Ingenium amænum et temporis ejus auribus accorrmodatum. He adopted the faults of Oxid, and was able to propagate them. For these reasons, the Abbé Gedoyn is of opinion, that Ovid began the mischief, and Seneca laid the axe to the root of the tree. It is certain that, during the remaining period of the en pire, true eioquence never revived.'

On the whole, we think that Mr. Murphy has deposited a very valuable offering on the altar of public inftrudion; the

produce,

the age.

produce, no doubt, of many years of industry. Passages may be found which will seem to have been rendered indolently or verbosely : but who can long and incessantly labour with unvarying zeal, and with unremitting ardour of attention?

Art. XV. Sketches of the Origin, Progress, and Effects of Music,

with an Account of the antient Bards and Minstrels. Illustrated with various Historical Facts, interesting Anecdotes, and Poetical Quotations. By the Rev. Richard Eastcott, of Exeter, 8vo. pp. 277. 55. Boards. Robinsons. 1793., This entertaining

compilation seems to be the work of an enthusiastic admirer not only of the art of music but also of its professors. The author's candour, and disposition to be pleased, are very uncommon : fince there are more musical, perhaps, than religious fects, and there are very few writers' on the art who do not manifestly lean toward a favourite and exclusive style of composition and performance : but this gentleman steers clear of all fidlmg quarrels ,and musical factions, seeking and relating nothing which does not reflect honour on his favourite art and its votaries.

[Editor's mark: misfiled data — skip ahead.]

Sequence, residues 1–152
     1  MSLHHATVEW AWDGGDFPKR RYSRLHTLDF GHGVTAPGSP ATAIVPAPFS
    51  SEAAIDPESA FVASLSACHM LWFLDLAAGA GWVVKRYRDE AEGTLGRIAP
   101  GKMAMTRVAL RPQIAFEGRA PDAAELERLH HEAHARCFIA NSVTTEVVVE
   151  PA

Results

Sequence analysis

In the preface, we are told that,

• The author of the following Sketches has availed himself of those common sources of information which lie open to every reader. For many years he has been in the habit of mixing with musical people, both professors and amateurs, and has attended the most celebrated mafical festivals in London and other large cities: these opportunities furnilhed him with much information, and the reflections which naturally fucceeded, excited in him a strong desire to search into the origin, progress, and effects, of an art which appears to command the parfions in an eminent degree, and to communicate fo much delight to mankind.'

Mr. E. seems to be as well acquainted with the present state of music, particularly in this country, as he is sedulously defirous of doing justice to the abilities and talents of living distinguished professors.

Having liberally availed himself of Dr. Burncy's researches relative to the history, progress, and effects, of antient music in those parts of the world which were first civilized, he has given, in a note, at the end of the preface, a very just eloge on that celebrated musical historian.

Chep. I. treats of the state of music ainong the Egyptians, He. brews, Greeks, Romans, &c. with some cursory remarks on other arts and sciences.

What the author here cites from Goguet's Origin of Laws, concerning the Phyficians of antient Egypt, is so curious and little known, that we shall present it to our readers :